Communication broke down in Britain’s parliament this week as a New Zealand-born MP struggled with another member’s Glaswegian accent.
Sir Paul Beresford, MP for the Mole Valley in the British parliament, grew up in Levin and studied dentistry at Otago University before moving to the UK in the 70s to work in the NHS. “I’ve fitted happily into British culture ever since, only experiencing identity crises at certain rugby matches,” he wrote recently.
Holes still remain in grasping the fullness of British culture, however, at least insofar as Scottish accents are concerned. During a House of Commons Commission at Westminster this week, David Linden of the Scottish National Party laid a tricky question on the expat Kiwi.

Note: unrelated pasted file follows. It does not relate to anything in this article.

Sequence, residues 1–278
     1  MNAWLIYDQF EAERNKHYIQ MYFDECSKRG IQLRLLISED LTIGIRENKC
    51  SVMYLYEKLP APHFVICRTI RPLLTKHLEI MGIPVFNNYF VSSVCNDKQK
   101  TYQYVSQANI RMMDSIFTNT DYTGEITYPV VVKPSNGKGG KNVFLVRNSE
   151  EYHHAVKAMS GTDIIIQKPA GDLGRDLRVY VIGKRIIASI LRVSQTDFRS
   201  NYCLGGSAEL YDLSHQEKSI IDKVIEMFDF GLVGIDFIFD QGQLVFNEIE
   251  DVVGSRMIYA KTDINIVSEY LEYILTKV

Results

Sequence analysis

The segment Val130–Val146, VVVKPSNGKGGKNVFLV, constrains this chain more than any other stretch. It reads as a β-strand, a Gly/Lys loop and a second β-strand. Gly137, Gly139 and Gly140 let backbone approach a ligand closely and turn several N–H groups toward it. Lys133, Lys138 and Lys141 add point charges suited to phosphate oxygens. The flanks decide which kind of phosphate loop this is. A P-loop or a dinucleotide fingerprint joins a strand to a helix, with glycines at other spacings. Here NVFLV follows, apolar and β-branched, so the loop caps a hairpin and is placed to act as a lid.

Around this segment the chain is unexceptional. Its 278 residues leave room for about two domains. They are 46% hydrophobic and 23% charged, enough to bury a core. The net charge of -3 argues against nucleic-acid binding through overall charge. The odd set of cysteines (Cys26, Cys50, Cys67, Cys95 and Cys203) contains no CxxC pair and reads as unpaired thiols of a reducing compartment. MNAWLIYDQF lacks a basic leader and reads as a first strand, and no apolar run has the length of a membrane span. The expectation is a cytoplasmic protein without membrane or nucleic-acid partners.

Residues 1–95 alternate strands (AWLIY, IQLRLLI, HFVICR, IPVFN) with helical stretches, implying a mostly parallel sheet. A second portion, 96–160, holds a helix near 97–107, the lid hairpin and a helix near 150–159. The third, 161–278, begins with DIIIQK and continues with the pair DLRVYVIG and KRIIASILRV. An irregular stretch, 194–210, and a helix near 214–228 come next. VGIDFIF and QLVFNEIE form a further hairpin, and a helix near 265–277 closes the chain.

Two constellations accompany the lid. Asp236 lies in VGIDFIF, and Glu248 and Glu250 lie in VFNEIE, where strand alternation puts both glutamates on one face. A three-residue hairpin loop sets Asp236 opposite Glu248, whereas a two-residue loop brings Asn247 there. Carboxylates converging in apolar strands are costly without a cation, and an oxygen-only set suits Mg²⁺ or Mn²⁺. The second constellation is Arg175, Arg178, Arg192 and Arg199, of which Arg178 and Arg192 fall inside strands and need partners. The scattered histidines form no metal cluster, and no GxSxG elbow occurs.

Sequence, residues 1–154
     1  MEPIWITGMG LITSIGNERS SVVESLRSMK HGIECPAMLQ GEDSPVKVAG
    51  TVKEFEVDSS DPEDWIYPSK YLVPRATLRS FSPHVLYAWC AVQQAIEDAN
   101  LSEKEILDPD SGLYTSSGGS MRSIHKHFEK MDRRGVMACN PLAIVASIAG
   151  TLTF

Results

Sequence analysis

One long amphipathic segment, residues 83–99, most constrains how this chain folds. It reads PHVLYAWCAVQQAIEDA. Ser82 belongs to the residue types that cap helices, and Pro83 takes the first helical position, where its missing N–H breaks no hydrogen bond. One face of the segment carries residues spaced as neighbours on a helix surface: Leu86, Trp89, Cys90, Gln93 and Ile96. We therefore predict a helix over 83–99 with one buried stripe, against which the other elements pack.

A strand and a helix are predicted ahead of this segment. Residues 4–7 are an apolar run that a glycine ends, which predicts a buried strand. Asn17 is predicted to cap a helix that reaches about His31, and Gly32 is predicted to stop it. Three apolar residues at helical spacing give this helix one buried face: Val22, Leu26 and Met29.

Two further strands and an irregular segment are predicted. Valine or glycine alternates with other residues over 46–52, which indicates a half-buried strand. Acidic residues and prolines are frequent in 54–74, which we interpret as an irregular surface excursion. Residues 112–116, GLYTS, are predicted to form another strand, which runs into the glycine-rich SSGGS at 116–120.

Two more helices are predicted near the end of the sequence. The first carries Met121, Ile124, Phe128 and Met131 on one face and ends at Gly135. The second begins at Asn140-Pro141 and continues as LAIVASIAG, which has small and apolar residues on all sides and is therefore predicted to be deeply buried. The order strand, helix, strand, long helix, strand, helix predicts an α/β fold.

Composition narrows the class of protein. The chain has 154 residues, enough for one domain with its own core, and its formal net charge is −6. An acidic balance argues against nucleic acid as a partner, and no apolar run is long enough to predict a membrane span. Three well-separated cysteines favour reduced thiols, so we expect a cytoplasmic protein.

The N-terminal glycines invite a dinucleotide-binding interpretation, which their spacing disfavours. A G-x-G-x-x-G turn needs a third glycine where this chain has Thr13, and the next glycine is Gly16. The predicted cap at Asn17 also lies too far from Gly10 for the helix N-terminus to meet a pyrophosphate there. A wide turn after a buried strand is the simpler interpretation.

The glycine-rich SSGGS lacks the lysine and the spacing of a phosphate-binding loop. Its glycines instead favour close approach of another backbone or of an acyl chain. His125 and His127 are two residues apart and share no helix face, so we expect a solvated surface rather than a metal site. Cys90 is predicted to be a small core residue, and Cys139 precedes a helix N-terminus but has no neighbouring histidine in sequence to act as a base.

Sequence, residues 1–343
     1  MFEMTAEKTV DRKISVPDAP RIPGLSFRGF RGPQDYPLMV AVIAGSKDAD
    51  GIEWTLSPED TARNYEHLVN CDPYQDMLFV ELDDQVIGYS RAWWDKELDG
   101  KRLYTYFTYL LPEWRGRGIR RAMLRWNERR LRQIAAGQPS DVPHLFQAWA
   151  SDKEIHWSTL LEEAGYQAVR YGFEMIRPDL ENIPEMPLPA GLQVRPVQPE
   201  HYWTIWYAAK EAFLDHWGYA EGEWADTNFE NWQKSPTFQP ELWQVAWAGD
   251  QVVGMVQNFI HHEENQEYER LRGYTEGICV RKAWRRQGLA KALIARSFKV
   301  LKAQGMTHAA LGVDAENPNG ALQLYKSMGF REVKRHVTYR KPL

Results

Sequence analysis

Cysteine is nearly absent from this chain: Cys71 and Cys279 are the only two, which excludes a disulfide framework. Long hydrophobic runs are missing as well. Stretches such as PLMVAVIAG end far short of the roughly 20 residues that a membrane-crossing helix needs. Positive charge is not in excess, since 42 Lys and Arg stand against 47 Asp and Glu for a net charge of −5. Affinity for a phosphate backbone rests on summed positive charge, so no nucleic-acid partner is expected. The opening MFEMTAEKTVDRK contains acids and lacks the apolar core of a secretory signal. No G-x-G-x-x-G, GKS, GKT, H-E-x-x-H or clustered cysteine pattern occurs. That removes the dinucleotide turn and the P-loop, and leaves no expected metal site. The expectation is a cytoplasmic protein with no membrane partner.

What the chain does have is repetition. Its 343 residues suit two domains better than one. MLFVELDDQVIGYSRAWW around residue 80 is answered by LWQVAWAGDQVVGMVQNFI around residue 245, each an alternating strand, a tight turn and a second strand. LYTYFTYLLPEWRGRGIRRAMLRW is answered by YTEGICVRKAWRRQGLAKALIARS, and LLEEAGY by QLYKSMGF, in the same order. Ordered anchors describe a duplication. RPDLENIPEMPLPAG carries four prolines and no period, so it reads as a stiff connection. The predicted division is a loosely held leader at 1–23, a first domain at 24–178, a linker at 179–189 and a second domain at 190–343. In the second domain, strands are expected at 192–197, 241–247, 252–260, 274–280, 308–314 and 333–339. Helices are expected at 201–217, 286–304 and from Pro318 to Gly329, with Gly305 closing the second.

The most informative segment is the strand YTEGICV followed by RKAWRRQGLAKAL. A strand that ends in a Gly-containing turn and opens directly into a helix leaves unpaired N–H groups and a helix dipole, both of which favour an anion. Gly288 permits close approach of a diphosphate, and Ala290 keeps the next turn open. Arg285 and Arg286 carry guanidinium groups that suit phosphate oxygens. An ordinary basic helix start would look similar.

Linden wanted to know about disability access on the northern estate. Sir Paul wanted to know WTF Linden was talking about. Lindsay Hoyle, deputy speaker of Parliament, wanted questions submitted in writing.
Sir Paul is a dual British-NZ citizen, “born, bred and educated in New Zealand, arriving in east London to work in the NHS in the Seventies”.
According to the Otago University Alumni News, Sir Paul “continues to practise dentistry part-time”.
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